Landlord told ‘demolish flats by July or go to jail for 4 months’

A landlord who built two penthouse apartments without planning permission and then failed to demolish them when ordered to now faces jail.

At Leicester County Court Munjit Dulay was given a four-month jail sentence, suspended for the next six months.

Judge Richard Hedley told him the flats – which are occupied and earning £1,000 a month between them – must be gone by Sunday, July 17 or the sentence would be activated and Dulay would be jailed.

Dulay’s company, MB Estates, which, the court heard, has about £33 million worth of property and more than £1.7 million cash in the bank, had bought St Clements Court in Fosse Lane, New Parks, Leicester, in 2012 and turned the former old folks home into 74 flats.

Without ever applying for planning permission, he built two penthouse flats on top of the two structures that make up the property.

When Leicester City Council found out it took action against MB Estates, which is owned by Dulay, demanding the flats be gone by March 6, 2018, but that was ignored.

The council got a court order in May 2019, with a district judge demanding the penthouses be removed – Dulay promised the court he would get the penthouses demolished.

But that never happened. Instead of evicting the tenants so that he could demolish the two apartments he re-let them both – at least once – continuing to collect £455 per month on one and £600 per month on the other.

Jonathan Manning, barrister for the city council, told the court: “This has now been going on a very long time.”  It’s not really suggested anything was done to comply with the injunction and it was only in August he accepted that he was going to have to demolish those properties at all.”  The company has been renting the penthouses and stringing along the authority and the court while taking no steps to demolish the penthouses.”

Mr Dulay and his company have never taken seriously the requirement to demolish the properties or comply with the order.

“In August of last year he admitted the two accusations – that MB Estates breached the May 2019 injunction and that he had committed contempt of court by “breaching undertakings” he promised the court.

Representing himself in court, Mr Dulay, 55, said he had taken bad legal advice and failed to demolish the apartments because his previous team of solicitors had advised him they could get the demolition order overturned.

He said: “I take the whole case seriously. From day one I have been wrongly advised. We were told it would be OK – the planning permission would get passed and this would get quashed.  “I wish we would have complied with the order but unfortunately that’s not the case.”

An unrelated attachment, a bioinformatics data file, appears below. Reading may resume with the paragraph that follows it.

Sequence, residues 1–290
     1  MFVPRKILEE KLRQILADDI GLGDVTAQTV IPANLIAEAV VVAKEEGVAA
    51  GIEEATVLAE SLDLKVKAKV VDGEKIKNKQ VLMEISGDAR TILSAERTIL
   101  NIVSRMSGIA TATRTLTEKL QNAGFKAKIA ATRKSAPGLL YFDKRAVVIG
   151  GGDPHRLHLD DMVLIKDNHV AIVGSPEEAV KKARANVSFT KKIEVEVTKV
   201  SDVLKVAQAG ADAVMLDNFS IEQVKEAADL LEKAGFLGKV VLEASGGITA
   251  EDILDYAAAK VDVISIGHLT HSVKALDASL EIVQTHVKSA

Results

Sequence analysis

The judge asked Dulay: “Is there anything you want to say about your personal circumstances – if I sent you to prison?” Dulay said he carried out safety inspections on his properties. He said: “It’s important I keep these up for the sake of the company and the safety of the tenants.” I apologise for this matter getting out of hand.”

Announcing the penalties for Dulay and the company, Judge Hedley said Dulay clearly kept the two illegal properties occupied and collected rent for most of the period since he was told to demolish them.  He said: “It’s apparent both those penthouses have been in occupation for the entire period and the income seems to total £1,055 per month.

“There have been repeated indulgences to the defendant. He is patently an experienced businessman and at the very least he’s stuck his head in the sand.”I have no doubt the custody threshold has been crossed.”I am persuaded – but only just – that it’s appropriate to grant a further period of time for Mr Dulay to comply with the terms of his undertaking.”Mr Dulay will go to prison for a period of four months, suspended on the condition that within six months of today – July 17 – the enforcement notices are complied with.”

He warned Dulay he could face further contempt of court proceedings if he failed to remove the flats by the July 17 deadline.He added: “That’s six months for complete compliance – for them to be demolished totally.”  For the breach of the injunction, MB Estates was fined £25,000 and Dulay will also have to pay the city council’s legal costs of £4,129.

Commenting on the case, deputy city mayor Councillor Piara Singh Clair said: “This was a very poor standard of development, built without planning permission in a flagrant breach of planning control.




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